New York City Debt Collection Defense Attorney

Vacating a Default Judgment in New York: 8 Fine Points with Law

Receive notice of a wage garnishment? Is your bank account frozen?

Below are some points to consider when considering a motion to vacate (overturn) the judgment. Under that is the full text of the two main statutes in play: CPLR § 5015 and CPLR § 317. 

8 Points to Cover in Your Motion to Vacate a Default Judgment

  1. Although both statutes (CPLR §§ 5015 and 317) may not explicitly require showing a "meritorious defense," always raise as many defenses as possible to the underlying case. For example, did you pay all or part of the debt? Did you dispute the charges? Does a spouse owe it? Is it too old? Were you paying a settlement? Were you a victim of fraud or identity theft?
  2. Requiring a meritorious defense under both statutes is considered a "gloss added to the statutes by the courts."[1]
  3. Always provide a list of excuses and hardships for not defending your case. The more excuses, the better. You need to obtain leniency based on your excuses and hardships. See this blog post for a list of possible excuses.
  4. Time limits:
    • Under CPLR § 317, you must move to vacate the judgment within one year of obtaining "knowledge of the entry of the judgment." Be specific about why you did not receive "knowledge" of the judgment until later. For example, did you move? Were you traveling?
    • Under CPLR § 5015, a similar one-year deadline runs from when the plaintiff serves you a copy of the judgment with "written notice of its entry." This is harder to disprove if the plaintiff produces an affidavit of service showing such a mailing to your correct address. Produce all reasons you may not have received the mail.
    • Courts have discretionary authority to extend these one-year deadlines.
  5. It helps to attack the sufficiency of the plaintiff's papers in your motion to vacate. Always try to obtain the court file and challenge all weaknesses in the file. Is the plaintiff's witness affidavit suspiciously vague, odd, or untrustworthy? If the case was brought after October 1, 2014, does the plaintiff have all the required affidavits discussed in this blog post, "New York Court Rules will Undoubtedly Impact Debt-Litigation Market"?
  6. Does the plaintiff's papers accurately reflect a "sum certain" as discussed in this blog, "Smart Way to Attack your Creditor's Default Judgment: The Sum Certain Element." In other words, does the creditor's evidence have holes that create ambiguity or uncertainty?
  7. Could you point to some kind of fraud (perjured affidavit, maybe) serving as the basis to vacate under CPLR § 5015(a)(3)? The lesson here is that good investigation and good arguments go a long way when challenging creditors' —especially debt buyers'—default judgments.
  8. Do not forget to simply ask the plaintiff's attorney to "stipulate" (agree) to vacate the judgment and allow you to answer the complaint. That is provided for under CPLR § 5015(b) below. 

Ten Compelling Meritorious Defenses to Challenge a Default Judgment Under CPLR 5015

  1. Payment Proof: If you've paid all or part of the debt, provide documentation or evidence of payment.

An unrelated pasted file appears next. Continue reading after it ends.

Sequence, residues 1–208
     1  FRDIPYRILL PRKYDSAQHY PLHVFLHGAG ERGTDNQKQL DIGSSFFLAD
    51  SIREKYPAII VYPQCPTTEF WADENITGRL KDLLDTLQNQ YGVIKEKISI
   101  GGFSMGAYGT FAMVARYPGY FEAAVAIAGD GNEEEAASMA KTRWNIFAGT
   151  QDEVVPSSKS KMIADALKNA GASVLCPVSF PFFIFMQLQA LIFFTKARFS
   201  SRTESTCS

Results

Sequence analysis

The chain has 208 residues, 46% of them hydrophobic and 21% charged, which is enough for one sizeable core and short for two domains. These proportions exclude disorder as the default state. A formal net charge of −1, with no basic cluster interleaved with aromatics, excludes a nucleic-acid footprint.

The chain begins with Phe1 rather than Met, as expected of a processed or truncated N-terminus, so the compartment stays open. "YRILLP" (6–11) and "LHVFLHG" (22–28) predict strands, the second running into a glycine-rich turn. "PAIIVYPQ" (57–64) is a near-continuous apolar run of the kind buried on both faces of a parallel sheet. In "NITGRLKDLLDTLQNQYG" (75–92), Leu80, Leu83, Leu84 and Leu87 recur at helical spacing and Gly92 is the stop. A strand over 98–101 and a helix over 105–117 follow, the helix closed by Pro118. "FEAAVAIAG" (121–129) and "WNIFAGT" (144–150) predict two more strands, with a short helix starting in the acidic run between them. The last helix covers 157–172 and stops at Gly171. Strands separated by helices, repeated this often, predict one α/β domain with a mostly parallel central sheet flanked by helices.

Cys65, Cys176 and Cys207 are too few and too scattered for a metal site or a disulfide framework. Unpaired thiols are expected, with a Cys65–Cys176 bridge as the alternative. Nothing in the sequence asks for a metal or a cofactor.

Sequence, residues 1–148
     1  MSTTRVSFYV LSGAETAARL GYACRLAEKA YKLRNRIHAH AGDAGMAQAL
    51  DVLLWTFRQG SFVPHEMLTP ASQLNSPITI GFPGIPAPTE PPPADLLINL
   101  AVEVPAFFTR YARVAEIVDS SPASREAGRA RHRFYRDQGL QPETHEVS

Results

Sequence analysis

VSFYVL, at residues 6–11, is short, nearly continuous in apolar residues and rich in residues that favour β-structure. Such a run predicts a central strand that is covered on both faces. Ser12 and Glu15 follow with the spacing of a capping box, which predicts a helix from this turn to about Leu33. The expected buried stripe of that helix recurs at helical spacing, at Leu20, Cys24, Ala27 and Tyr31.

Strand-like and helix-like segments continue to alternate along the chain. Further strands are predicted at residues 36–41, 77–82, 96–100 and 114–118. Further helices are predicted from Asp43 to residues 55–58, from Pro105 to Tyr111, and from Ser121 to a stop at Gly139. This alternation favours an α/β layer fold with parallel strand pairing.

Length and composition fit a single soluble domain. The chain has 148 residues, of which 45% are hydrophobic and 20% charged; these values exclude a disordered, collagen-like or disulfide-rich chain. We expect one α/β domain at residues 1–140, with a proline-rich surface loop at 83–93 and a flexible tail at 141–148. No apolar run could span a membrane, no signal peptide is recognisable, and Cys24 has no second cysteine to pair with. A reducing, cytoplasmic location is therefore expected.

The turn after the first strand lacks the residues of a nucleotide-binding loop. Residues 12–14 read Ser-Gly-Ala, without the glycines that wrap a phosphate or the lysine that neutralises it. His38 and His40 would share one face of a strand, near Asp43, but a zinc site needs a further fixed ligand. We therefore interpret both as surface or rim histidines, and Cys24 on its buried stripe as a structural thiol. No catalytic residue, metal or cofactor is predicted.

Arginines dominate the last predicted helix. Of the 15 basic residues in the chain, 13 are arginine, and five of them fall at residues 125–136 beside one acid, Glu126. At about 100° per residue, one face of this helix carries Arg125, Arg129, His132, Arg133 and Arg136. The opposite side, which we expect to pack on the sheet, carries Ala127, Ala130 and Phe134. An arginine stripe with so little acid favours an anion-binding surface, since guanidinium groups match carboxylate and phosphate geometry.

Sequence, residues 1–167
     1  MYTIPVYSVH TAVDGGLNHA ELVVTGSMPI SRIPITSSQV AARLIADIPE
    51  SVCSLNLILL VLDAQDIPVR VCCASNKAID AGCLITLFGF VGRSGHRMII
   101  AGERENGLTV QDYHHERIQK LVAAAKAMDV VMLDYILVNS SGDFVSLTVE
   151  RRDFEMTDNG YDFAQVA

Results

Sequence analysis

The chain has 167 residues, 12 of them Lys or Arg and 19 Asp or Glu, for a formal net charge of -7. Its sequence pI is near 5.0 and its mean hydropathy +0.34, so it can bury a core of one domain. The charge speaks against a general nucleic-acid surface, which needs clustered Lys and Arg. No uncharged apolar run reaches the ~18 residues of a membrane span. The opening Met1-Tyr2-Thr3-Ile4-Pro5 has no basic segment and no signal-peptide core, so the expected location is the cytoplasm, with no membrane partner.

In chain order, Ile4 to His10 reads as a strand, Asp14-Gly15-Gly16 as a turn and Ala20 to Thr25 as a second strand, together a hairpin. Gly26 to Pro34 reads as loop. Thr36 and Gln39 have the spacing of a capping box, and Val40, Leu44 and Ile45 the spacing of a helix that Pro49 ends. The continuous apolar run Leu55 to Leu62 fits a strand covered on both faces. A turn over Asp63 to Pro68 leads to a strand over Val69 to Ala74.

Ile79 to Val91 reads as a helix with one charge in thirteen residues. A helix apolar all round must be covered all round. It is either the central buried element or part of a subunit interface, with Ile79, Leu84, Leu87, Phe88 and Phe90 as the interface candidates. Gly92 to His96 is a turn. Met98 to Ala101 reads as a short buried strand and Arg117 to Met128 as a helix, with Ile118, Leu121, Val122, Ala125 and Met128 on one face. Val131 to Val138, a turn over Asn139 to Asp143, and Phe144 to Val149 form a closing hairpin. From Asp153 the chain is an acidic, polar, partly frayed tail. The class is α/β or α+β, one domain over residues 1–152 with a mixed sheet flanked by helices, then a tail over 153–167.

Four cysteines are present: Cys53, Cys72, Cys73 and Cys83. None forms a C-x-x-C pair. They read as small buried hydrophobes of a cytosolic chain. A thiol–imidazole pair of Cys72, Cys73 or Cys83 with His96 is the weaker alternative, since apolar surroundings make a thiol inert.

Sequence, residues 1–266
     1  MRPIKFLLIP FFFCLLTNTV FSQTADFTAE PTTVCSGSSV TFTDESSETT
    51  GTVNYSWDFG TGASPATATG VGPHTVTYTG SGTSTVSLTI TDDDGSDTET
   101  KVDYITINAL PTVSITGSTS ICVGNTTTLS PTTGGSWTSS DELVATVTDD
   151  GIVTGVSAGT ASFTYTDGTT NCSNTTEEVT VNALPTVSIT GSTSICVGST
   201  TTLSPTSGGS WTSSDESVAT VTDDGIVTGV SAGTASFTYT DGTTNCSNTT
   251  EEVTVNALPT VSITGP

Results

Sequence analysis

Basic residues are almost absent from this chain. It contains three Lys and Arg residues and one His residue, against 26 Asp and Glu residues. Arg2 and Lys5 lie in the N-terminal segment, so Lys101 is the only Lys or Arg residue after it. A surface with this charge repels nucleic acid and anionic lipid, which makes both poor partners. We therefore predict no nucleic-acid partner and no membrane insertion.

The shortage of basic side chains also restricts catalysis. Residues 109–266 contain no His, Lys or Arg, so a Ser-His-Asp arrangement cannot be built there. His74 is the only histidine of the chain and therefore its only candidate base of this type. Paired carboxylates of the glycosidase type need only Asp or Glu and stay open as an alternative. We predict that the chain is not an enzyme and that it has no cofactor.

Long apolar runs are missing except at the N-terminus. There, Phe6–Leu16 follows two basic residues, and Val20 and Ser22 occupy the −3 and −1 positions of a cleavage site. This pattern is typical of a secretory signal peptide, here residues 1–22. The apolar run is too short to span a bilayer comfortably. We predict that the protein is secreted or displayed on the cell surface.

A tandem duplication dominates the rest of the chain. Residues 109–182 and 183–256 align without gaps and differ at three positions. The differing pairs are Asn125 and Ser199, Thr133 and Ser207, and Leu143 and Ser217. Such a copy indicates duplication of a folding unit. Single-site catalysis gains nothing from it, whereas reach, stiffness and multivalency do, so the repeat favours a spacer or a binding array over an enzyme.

2. Disputed Charges: Present records or correspondence that demonstrate you disputed the charges for which you are being sued.

  3. Third-Party Responsibility: Show evidence that the debt is owed by a spouse or another party, not you.

  4. Statute of Limitations: Argue that the debt is too old to be collected based on New York's statute of limitations for debt collection.

  5. Settlement Compliance: If you were adhering to a settlement agreement, provide the terms and proof of compliance.

  6. Fraud or Identity Theft: Offer evidence if you were a victim of fraud or identity theft related to the debt in question.

  7. Excusable Neglect: Explain any reasonable excuse or hardship that prevented you from responding to the lawsuit, such as extended travel or relocation.

  8. Service Issues: Question the validity of the plaintiff's affidavit of service if there's reason to believe you did not receive proper notice.

  9. Insufficient Plaintiff Evidence: Scrutinize the plaintiff’s evidence and affidavits for vagueness or lack of trustworthiness, especially regarding the sum certain required for a default judgment.

  10. Procedural Fraud: Investigate and present any indications of fraud, such as perjured affidavits, which could be the basis to vacate the judgment under CPLR § 5015(a)(3).

Intake Form-The Langel Firm

The Five Legal Bases to Vacate a Judgment under CPLR § 5015

("Relief from Judgment or Order")

  1. Excusable default: Under NY CPLR 5015(a)(1), you can argue that the default was due to excusable neglect. This means you had a reasonable excuse for missing the deadline or not appearing. You will also need to demonstrate a meritorious defense of the action. The excuse for the default must be reasonable under the circumstances, such as an unexpected illness or an accident.

  2. Lack of jurisdiction: Under NY CPLR 5015(a)(4), you can argue that the court didn't have personal jurisdiction over you. This could occur, for instance, if you were improperly served with the summons and complaint.

  3. Newly Discovered Evidence: Under NY CPLR 5015(a)(2), you can argue that since the entry of a judgment, new evidence has been discovered which would probably change the outcome and which could not have been discovered in time to move for a new trial.

  4. Fraud, misrepresentation, or other misconduct of an adverse party: Under NY CPLR 5015(a)(3), you can argue that the judgment was procured by fraud, misrepresentation, or other misconduct of the adverse party. For example, this could involve situations where the opposing party deliberately lied about a critical fact.